Andrew Xu '24 is ready to make up for lost time.
Like his fellow classmates, Xu spent his first year as a Pomona student online. His experience was different than most, though, as he was in Taiwan and had to flip his schedule, signing on for class in the middle of the night. Xu was still able to actively participate in student life, even serving as first-year president, and he's excited to now be leading his class while they're all in the same time zone.
"We only have three years left," he says. "Last year wasn't taken away, but it wasn't whole, and without that experience we're really trying to get in front of people, to host events and make an effort to connect."
Xu was involved in student government throughout high school, and has found that in college, there's more gravity to being in a leadership position. At Pomona, students talk to him about everything. At the request of a classmate, Xu recently started working to change the hours Mason Hall is open, so students can drop off assignments on Sundays. He's quickly learned just how crucial it is to fully hear what they have to say.
"We have two ears and one mouth, so we should try to listen twice as much as we talk," Xu says.
Through these conversations, Xu has learned more about his peers, and works with students on the sophomore class committee — a group that is "the biggest reason" why Xu enjoys student government — to build a coalition that can address their concerns.
"I think anytime someone wants to open up and be vulnerable, it's humbling," Xu says. "They've assessed that you are someone who has insight and could also be part of the solution, someone they can team up with. It's really great to be in that position."
According to Xu, it's a privilege to serve as a connection between the amazing students and administrators at Pomona. Here, it's not just the professors who are doing the teaching. In his current English class, students break out into smaller groups, with each person putting together and presenting a micro-lesson on the topic of their choice.
"Learning from my peers during intimate moments like this is a highlight of my experience," Xu says. "It reminds me of the importance of remembering there are so many people here with so many talents and interests. Learning isn't just about student-professor and professor-student. What better resource is there than the people around you, who are living with you and having fun with you?"
Devlin Orlin, First-Year President
First-year students know one thing: if they need help, find Devlin Orlin '25.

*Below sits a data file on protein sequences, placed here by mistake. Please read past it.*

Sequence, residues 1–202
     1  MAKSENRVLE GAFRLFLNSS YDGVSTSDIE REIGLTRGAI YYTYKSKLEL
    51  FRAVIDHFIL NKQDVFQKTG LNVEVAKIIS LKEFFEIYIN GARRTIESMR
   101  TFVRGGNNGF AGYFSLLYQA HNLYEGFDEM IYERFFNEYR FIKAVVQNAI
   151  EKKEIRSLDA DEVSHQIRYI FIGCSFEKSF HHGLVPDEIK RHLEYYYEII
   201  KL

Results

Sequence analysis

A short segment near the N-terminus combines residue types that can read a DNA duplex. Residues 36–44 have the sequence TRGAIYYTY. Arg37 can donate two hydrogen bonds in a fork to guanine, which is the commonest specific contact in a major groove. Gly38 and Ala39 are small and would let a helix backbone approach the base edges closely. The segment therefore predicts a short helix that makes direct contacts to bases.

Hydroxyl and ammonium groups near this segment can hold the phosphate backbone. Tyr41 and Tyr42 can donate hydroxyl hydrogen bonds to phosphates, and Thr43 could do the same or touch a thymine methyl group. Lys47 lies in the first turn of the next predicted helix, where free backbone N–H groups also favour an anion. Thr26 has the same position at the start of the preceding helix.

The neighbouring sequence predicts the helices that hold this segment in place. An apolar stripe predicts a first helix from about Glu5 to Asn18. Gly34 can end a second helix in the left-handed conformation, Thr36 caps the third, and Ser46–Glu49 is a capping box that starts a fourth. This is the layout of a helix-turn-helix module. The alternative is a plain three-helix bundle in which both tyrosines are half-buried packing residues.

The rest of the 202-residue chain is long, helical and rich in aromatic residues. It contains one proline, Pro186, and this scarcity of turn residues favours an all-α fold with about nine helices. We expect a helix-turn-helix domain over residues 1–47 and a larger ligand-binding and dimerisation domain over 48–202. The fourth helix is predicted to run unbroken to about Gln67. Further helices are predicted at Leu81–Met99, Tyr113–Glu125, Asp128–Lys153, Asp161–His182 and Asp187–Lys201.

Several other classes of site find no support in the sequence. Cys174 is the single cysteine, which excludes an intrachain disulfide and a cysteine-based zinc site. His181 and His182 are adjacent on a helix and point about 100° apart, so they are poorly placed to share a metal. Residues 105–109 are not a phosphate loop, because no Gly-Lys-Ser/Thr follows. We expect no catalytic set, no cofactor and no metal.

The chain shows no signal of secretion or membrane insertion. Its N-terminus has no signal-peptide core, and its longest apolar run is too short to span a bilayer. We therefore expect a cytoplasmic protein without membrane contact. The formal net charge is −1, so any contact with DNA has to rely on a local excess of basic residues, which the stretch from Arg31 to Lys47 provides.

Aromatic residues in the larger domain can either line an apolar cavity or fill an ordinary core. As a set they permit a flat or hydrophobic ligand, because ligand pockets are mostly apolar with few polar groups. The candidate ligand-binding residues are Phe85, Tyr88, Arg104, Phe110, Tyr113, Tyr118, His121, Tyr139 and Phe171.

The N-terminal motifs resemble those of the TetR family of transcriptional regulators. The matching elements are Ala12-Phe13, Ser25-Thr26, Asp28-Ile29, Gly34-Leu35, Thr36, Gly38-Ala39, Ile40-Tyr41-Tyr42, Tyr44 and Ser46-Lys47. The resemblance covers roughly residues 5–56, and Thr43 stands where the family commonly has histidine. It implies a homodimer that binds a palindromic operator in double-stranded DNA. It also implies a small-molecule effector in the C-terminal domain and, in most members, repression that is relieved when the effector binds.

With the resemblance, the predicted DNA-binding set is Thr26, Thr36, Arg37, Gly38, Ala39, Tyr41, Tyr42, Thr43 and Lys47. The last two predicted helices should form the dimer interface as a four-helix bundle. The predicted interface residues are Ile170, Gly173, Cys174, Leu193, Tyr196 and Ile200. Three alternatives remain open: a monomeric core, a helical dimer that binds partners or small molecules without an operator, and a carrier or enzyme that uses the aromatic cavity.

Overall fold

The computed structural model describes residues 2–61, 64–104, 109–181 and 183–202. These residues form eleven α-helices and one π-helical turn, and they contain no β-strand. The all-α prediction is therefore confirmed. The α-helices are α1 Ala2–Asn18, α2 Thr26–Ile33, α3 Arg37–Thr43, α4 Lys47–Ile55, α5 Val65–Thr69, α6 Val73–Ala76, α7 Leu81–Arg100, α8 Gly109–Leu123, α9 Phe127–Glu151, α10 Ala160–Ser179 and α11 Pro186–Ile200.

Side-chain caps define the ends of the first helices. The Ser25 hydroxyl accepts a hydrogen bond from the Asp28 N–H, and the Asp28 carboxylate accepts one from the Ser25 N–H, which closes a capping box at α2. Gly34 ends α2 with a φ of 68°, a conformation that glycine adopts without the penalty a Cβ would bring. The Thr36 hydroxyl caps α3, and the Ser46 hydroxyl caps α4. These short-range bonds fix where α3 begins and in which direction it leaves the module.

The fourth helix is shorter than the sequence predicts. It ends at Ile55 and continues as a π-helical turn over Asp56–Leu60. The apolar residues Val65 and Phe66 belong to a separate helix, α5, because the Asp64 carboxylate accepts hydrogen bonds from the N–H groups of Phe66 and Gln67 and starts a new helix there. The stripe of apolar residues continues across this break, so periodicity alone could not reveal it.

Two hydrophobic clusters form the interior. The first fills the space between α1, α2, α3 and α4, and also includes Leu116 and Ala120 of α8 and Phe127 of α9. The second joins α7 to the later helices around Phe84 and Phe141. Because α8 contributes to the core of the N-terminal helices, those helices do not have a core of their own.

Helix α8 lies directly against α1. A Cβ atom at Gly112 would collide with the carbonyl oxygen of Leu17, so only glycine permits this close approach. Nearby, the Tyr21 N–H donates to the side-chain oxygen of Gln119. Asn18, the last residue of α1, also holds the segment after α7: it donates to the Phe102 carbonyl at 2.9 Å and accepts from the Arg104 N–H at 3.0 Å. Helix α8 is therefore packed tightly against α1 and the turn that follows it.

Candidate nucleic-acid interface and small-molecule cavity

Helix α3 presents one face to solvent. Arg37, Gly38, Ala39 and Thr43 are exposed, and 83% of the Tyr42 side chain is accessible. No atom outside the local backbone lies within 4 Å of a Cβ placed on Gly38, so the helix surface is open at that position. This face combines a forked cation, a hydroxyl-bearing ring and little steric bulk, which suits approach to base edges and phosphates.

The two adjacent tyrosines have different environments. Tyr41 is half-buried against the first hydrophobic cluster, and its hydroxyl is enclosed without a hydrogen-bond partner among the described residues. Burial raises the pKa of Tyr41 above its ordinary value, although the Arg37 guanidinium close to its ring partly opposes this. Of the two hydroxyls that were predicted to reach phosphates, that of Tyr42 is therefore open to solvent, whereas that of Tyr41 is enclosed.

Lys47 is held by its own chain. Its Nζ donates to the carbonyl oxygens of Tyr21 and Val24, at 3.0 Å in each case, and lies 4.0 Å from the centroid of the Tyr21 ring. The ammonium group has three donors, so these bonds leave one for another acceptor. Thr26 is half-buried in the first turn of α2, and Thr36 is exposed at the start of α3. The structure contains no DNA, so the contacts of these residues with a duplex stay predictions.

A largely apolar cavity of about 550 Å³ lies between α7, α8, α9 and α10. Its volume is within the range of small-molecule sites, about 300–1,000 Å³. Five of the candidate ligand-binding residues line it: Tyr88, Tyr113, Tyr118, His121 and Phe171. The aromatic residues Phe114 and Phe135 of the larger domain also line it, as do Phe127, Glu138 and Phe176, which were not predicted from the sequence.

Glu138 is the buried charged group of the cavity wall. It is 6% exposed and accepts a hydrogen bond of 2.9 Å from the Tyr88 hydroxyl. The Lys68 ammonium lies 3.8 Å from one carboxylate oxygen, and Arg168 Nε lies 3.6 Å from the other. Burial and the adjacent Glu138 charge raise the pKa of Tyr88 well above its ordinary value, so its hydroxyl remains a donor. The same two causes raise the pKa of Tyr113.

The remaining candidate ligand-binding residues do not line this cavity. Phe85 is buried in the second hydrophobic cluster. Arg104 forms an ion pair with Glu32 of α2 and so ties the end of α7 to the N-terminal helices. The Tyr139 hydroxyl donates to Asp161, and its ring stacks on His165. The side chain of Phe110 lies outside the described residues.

After just a few months on campus, it's already clear that as class president, Orlin gets things done and can point people in the right direction. A recent example: when a classmate fell off their skateboard after the student health center was closed for the day, they called Orlin for advice on what to do. Happy to help, he instructed them to contact Campus Safety.
"It was nice to be able to help and serve as a resource," Orlin said.
At his high school in Bethesda, Maryland, Orlin was involved in student government all four years, and he's enjoying learning the ropes at Pomona. "It's definitely different because living here, there's such a broader range of concerns," Orlin says. "In high school, a lot of the concerns would have been academic and event-based. You don't hear as many academic concerns now, it's more about what people want to see from campus and experiences."
Orlin loves talking to people and staying up-to-date on what's happening across campus, so he can relay information. While planning events, he's learned to ask his fellow Sagehens about activities they'd like to see and solicits feedback so he can discover what worked and what didn't. There is so much opportunity at Pomona, Orlin says, and he encourages those who want to be part of student leadership to sign up and leave their mark.
"If you want to run for a position, definitely put yourself out there — it's a great experience, no matter what happens," Orlin says. "Reach out to your peers and hear what they're interested in seeing. Also, don't be afraid to join a committee. There are a ton of wonderful commissioners to work with, and if you pick an area you're interested in, it's a great way to get involved."